Can an employer take away earned PTO?

Paid Time Off or PTO cannot be taken away or forfeited when the pay accrues as earned. An employer is prohibited from taking away earned vacation time to punish you.

Author: Brad Nakase, Attorney

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An employer is not required to provide paid time off under California vacation law. However, paid vacation is considered earned wages and cannot be taken away or forfeited. An employer may not rescind employees’ accrued PTO once the employees earn vacation hours.

Employees typically earn paid leave (PTO) over time as they work. “Accrued” time off is earned leave that has not yet been used. An employee has the right to do the following with accrued PTO:

  • Use it by taking time off or going on vacation
  • Cash it out by accepting a check in lieu of time off
  • Roll it over into the next year
  • Give it up

Normally, employees decide what to do with unused PTO at the end of a calendar year. But their decision might depend on the employer’s specific policies or even their state’s laws.

Use-It-Or-Lose-It Policy

An employer taking away earned PTO through a use-it-or-lose-it policy is illegal. California law bans use it or lose it vacation policies. A use-it-or-lose-it employee vacation policy generally requires that employees forfeit their unused vacation time if not used by a specific date.

If a company enforces a use-it-or-lose-it policy, employees are required to use their PTO by a certain date or else give up their right to it. This type of policy prevents an employee from cashing out or rolling over unused time.

Employers who enforce this type of policy must make sure that is clearly expressed to their employees. To refer to the above example, Cassidy was obviously not made aware of her company’s use-it-or-lose-it policy and suffered the consequences. Her employer should have made sure Cassidy and other employees were aware of the PTO policy.

While use-it-or-lose-it policies may save an employer the cost of paying out employees who don’t use their PTO, it can also frustrate employees who wanted to save their PTO for the next year or receive cash instead.

Importantly, use-it-or-lose-it policies are illegal in certain states.

Accrued PTO

An employer may not take away accrued PTO. The accumulation or increase of paid time off hours over time. Accrued time off is PTO that someone earns over time. Accrued time off is time off an employee has earned but has yet to use. If an employer offers PTO as part of an employment package, they usually define how time off is earned. PTO can be calculated by hours worked, days worked, weeks worked, or pay periods worked.

State PTO Payout Laws

States have different laws regarding how PTO is managed. Some states might regulate unused vacation time by requiring employers to:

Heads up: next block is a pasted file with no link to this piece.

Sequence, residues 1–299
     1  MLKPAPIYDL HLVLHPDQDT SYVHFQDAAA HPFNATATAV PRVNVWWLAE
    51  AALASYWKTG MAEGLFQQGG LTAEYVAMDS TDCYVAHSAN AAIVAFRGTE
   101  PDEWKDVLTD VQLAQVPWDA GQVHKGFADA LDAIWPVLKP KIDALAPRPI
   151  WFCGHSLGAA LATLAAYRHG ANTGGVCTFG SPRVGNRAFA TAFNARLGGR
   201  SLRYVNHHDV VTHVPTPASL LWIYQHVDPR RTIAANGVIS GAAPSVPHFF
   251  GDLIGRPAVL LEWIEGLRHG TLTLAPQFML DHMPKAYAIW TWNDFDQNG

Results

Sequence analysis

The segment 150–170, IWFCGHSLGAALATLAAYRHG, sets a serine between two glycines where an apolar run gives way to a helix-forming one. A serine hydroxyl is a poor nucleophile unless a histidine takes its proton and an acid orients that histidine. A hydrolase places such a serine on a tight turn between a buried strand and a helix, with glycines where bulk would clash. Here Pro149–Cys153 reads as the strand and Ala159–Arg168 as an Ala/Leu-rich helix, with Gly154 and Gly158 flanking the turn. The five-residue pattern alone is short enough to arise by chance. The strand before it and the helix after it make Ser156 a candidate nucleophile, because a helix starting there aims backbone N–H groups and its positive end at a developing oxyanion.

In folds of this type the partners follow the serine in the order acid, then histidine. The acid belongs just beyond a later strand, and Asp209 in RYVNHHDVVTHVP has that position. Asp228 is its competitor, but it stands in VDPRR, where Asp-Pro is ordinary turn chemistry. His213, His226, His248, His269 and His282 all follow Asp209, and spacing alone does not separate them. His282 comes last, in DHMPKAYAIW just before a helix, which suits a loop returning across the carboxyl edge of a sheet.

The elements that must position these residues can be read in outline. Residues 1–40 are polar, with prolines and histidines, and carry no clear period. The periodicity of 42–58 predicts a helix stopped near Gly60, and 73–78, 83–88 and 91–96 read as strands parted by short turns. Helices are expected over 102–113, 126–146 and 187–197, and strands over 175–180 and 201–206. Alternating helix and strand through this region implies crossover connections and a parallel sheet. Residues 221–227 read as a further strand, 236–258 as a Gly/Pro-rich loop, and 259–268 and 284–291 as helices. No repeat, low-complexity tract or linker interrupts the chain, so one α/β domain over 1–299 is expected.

• Payout unused vacation time to employees or rollover unused time to the next year (effectively banning use-it-or-lose-it policies)
  • Pay unused PTO as wages in an employee’s final paycheck
  • Both of the above

Many states allow use-it-or-lose-it policies. These states include Pennsylvania, Virginia, Georgia, Florida, Texas, Iowa, Missouri, Louisiana, Mississippi, New Mexico, Arizona, Oregon, Washington, New York*, and Illinois*. This means that in the above states, employees who do not use their PTO by a certain date, such as the end of the calendar year, could lose their earned PTO entirely.

*with exceptions

The states that have laws banning use-it-or-lose-it policies include California, Montana, Wisconsin, West Virginia, Colorado, Wyoming, and Nebraska. In these states, PTO is considered a form of wages. Therefore, if an employee in one of these states does not use a portion or all their PTO, the employee should receive either a payout, rollover, or be allowed to forfeit the time off. Specific laws depend on the state in question, but all agree that employers who offer PTO cannot simply cancel an employee’s earned time off.

For both employers and employees, it is important to know the relevant state laws.

Example: Heidi lives in Virginia and works for a deli selling honey-baked hams. She doesn’t have enough money to go on vacation this year, so she doesn’t feel the need to use her PTO time. In June, Heidi decides to quit her job. She has five days of paid vacation time accrued and, since she hasn’t used it, would like to be paid their value in her final paycheck instead. Heidi’s boss denies her request, because in Virginia, employers do not have to provide PTO payout at termination.

Example: Derek lives in Colorado and works for a recreation company that sells outdoor equipment. Derek is saving up his paid vacation days for a February trip to the Alps with his girlfriend. In December, a couple months before his trip, Derek learns that he must use his PTO before the new year, when it will be cancelled. Upset, he learns that his employer has a use-it-or-lose-it policy, where all unused PTO expires on December 31. Derek does his research and discovers that Colorado has a law banning use-it-or-lose-it policies. He hires a lawyer and sues his employer.

California law

In California, employers are prohibited from having a use-it-or-lose-it policy. Employers can, however, have a cap on how much time is earned.

Under California law, PTO is considered a form of wages and any unused PTO time must be paid out to an employee in their final paycheck upon termination.

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